Mathematical Analysis I


Academic Year 2022/2023 - Teacher: Pietro ZAMBONI

Expected Learning Outcomes

The aim of the course of Analisi Matematica I is to give the basic skills real and complex numbers,
differential and integral calculus for real functions of one real variable.
In particular, the learning objectives of the course, according to the Dublin descriptors, are:

  1. Knowledge and understanding: The student will learn some basic concepts of Mathematical
    Analysis and will develop both computing ability and the capacity of manipulating some common
    mathematical structures, as complex numbers, limits, derivatives and integrals for real functions of
    one real variable, numerical series.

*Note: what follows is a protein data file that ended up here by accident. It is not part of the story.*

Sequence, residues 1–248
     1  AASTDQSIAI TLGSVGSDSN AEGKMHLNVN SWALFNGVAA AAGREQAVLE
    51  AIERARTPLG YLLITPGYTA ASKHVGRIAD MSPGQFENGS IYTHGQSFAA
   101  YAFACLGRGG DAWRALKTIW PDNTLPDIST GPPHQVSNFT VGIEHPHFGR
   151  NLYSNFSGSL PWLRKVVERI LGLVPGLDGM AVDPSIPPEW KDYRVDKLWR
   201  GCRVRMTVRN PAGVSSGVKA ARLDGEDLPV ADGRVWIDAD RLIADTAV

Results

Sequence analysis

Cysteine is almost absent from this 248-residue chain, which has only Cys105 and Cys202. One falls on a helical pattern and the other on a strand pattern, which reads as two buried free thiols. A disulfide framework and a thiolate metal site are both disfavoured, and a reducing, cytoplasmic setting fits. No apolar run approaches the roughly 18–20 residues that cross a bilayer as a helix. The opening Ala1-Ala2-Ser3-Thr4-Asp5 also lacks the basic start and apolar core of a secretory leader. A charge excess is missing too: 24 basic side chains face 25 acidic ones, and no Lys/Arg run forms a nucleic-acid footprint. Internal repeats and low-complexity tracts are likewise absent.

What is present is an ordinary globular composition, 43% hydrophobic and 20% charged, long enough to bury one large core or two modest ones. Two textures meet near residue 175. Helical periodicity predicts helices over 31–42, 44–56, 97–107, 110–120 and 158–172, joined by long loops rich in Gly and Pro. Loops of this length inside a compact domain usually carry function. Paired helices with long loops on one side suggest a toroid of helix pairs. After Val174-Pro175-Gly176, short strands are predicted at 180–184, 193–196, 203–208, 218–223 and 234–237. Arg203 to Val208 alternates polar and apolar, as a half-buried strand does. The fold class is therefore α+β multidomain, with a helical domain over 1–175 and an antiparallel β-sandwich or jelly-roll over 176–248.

2. Applying knowledge and understanding: The student will be able to apply the acquired
    knowledge in the basic processes of mathematical modeling of classical problems arising from
  3. Making judgements: The student will be stimulated to autonomously deepen his/her knowledge
    and to carry out exercises on the topics covered by the course. Constructive discussion between
    students and constant discussion with the teacher will be strongly recommended so that the
    student will be able to critically monitor his/her own learning process.
  4. Communication skills: The frequency of the lessons and the reading of the recommended books
    will help the student to be familiar with the rigor of the mathematical language. Through constant
    interaction with the teacher, the student will learn to communicate the acquired knowledge with
    rigor and clarity, both in oral and written form. At the end of the course the student will have
    learned that mathematical language is useful for communicating clearly in the scientific field.